The Evolution of the Product ManagerHow product-led growth is reshaping the skillset of PMs and should we ask even more from our product people?
Product management is a demanding undertaking. In addition to understanding the fundamentals of shipping software or hardware products you’ve got to be across any number of data points, customer feedback, stakeholder vision and so much more. In recent times as organisations start to become more product-led or product-centric, product managers are now required to add yet more skills to their already challenging remit – P&L, marketing and more. Or are they?
Are we asking too much of our product managers? I outline how the landscape has changed and why it might be essential that product managers include some of these skills and understandings into their repertoire.
The Rise of Product-Led Growth
The Rise of Product-Led Growth
Product-led growth, a strategy where the product itself drives user acquisition, conversion, and retention, has gained immense traction in recent years. Companies like Slack, Dropbox, and Zoom have demonstrated the power of this approach, leveraging their products as the primary vehicle for customer acquisition and retention.
Traditionally, product managers have been responsible for product development, feature prioritisation, and user experience. However, in a product-led growth model, they play a pivotal role in driving user adoption and engagement. Understanding the business’s financial health and how the product influences revenue becomes crucial in this new paradigm.
P&L Awareness for Product Managers
Product managers are now required to have a comprehensive understanding of P&L statements and how product decisions influence the company’s financials. They need to comprehend the cost structures, revenue streams, and profit margins associated with their products. This has become more nuanced with tighter VC purse strings, improved board due diligence and a better understanding of the LTV (lifetime value) of the user in any given product org.
Let’s take the example of Netflix. Product managers at Netflix don’t only focus on enhancing the user interface but also understand how each content recommendation impacts user engagement, ultimately influencing subscriber retention and acquisition. They are attuned to the financial implications of their product decisions, acknowledging how content investments affect the company’s financial performance.
Marketing as a Core Skill for Product Managers
In a product-led growth environment, marketing is no longer confined to the marketing department or even solely attributable to the product marketing team. Product managers need to be well-versed in marketing strategies, understanding user behaviors, segmentation, and positioning. They must craft product experiences aligned with the overall marketing strategy to drive user acquisition and retention.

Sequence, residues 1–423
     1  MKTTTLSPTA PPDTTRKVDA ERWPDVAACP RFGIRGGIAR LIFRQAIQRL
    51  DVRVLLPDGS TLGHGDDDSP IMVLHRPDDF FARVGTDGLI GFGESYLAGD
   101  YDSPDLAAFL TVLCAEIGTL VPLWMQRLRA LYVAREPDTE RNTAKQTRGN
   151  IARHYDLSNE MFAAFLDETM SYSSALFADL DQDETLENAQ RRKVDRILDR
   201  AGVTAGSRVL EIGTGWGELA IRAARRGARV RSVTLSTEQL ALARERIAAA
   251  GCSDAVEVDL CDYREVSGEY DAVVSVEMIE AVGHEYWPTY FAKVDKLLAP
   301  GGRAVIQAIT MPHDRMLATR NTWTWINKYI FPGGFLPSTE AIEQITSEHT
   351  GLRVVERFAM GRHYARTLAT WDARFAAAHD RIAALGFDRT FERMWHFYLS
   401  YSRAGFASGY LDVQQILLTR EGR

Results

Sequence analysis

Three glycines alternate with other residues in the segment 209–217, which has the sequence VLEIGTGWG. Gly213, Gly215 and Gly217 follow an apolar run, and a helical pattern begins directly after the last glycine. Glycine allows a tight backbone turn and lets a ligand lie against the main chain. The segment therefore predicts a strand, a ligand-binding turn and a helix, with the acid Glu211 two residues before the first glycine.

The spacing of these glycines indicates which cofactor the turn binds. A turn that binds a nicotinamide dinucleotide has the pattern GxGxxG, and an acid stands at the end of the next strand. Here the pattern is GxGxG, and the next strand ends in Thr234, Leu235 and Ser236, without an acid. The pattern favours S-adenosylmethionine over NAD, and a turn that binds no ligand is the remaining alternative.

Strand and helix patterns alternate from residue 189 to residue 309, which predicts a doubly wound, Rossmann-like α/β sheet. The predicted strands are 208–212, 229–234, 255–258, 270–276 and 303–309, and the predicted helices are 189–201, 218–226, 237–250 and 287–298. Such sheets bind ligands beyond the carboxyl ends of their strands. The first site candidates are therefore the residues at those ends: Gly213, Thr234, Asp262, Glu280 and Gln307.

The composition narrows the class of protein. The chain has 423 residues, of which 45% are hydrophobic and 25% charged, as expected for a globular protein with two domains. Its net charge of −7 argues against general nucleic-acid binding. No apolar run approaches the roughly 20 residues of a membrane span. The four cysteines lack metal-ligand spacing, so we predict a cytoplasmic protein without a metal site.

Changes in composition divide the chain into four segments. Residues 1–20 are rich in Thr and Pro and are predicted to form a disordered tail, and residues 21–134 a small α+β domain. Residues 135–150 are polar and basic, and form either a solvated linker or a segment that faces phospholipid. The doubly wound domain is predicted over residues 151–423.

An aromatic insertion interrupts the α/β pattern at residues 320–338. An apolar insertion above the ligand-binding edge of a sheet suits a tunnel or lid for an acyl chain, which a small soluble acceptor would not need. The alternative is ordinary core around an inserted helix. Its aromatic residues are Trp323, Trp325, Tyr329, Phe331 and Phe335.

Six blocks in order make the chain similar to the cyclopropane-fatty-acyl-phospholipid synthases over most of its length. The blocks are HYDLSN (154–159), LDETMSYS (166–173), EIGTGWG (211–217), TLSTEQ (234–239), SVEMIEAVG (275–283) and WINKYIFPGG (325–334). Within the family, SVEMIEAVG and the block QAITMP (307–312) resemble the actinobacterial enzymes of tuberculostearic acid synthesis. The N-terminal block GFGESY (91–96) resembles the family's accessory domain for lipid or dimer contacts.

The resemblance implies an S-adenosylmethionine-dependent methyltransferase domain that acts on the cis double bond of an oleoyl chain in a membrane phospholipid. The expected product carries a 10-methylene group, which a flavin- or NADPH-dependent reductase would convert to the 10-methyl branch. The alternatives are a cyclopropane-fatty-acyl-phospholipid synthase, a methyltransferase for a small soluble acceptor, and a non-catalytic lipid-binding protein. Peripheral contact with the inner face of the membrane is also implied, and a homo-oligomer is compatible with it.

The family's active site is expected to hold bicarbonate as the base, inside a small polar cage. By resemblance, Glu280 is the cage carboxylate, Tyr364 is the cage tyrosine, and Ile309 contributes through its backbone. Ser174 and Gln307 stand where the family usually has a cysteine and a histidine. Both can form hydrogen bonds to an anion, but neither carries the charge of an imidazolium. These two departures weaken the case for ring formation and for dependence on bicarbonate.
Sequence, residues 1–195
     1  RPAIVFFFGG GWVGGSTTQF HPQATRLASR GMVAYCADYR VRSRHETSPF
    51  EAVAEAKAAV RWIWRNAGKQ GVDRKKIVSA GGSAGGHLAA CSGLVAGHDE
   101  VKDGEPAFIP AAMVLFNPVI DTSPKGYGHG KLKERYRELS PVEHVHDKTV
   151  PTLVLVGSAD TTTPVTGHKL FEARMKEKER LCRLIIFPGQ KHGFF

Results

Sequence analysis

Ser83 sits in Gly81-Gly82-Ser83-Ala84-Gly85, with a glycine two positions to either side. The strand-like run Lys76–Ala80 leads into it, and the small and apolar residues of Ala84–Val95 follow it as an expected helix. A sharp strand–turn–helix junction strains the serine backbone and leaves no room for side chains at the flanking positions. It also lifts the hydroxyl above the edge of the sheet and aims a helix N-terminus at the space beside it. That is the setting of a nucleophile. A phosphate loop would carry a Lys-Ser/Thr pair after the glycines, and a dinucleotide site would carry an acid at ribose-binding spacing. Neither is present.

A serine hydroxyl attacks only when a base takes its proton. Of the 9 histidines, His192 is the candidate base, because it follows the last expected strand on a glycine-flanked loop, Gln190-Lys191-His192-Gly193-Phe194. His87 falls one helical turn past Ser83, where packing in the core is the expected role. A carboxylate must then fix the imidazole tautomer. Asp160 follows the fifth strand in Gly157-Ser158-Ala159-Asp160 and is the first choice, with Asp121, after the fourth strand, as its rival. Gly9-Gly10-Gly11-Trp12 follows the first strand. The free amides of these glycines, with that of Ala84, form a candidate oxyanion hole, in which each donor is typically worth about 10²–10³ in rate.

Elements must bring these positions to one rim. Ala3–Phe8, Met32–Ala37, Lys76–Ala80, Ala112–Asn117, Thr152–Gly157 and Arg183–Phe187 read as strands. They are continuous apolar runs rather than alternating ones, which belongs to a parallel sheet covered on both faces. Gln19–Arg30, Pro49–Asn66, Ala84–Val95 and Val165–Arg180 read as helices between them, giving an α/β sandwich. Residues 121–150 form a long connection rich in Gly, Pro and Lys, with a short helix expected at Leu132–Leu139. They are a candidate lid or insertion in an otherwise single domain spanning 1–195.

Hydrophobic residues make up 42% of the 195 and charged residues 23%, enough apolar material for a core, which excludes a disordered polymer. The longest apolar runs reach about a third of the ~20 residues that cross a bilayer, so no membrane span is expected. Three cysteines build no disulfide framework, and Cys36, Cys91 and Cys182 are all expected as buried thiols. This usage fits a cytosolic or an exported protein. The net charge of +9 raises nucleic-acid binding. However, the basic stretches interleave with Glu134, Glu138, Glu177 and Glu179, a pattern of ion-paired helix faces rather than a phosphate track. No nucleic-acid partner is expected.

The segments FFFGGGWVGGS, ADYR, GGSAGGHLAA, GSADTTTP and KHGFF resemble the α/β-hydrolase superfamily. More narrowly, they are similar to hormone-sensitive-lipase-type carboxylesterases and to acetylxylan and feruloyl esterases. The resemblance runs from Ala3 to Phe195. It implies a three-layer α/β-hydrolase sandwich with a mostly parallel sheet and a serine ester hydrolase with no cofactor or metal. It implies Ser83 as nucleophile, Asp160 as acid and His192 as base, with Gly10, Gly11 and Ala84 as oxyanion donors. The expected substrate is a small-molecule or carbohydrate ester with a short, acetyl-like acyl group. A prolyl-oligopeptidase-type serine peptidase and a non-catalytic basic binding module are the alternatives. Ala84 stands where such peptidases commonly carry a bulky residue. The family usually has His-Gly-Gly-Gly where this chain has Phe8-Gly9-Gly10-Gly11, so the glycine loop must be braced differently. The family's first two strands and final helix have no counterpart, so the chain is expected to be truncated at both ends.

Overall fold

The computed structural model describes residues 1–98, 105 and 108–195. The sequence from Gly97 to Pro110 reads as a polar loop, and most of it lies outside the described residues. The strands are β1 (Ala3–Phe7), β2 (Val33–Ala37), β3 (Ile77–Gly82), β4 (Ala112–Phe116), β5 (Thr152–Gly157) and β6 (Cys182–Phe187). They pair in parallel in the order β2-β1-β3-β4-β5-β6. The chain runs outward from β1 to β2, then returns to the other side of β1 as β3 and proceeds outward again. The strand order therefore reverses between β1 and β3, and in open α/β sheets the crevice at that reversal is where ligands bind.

Product managers at HubSpot are deeply involved in understanding user personas and developing features that resonate with their target audience. Their collaboration with marketing teams ensures that product development aligns with the company’s marketing efforts, contributing to the overall growth strategy.
Equipping Product Managers for Success
Furthermore, fostering a culture that encourages collaboration between product, finance, and marketing teams is vital. This collaboration enhances the holistic view of the product’s impact on the business and ensures that product decisions align with broader organisational objectives.
If you’re a product manager and wonder if this really should be something you take onboard then frame it in a positive way. By understanding the market, the cost implications of your role and decision making you’ll be able to have a better real-world handle on attributing growth to your strategies.
In conclusion, the shift towards product-led growth necessitates a transformation in the skill set of product managers. Empowering them with an understanding of P&L management and marketing strategies will be instrumental in their ability to drive successful products in this new era. As companies continue to embrace this approach, product managers equipped with these additional competencies will undoubtedly be at the forefront of this transformative journey.
There’s also a big upside for aspiring PMs here – dipping your toe into marketing is FUN. Whilst you’ve often knee deep in data, surveys, feedback loops and so on, being able to jump on creative projects that celebrate the very features you’ve been toiling over can be inspiring. It also really does help to bring teams together. So make it worth your while to join those marketing meetings, get involved and take your product management skills to the next level!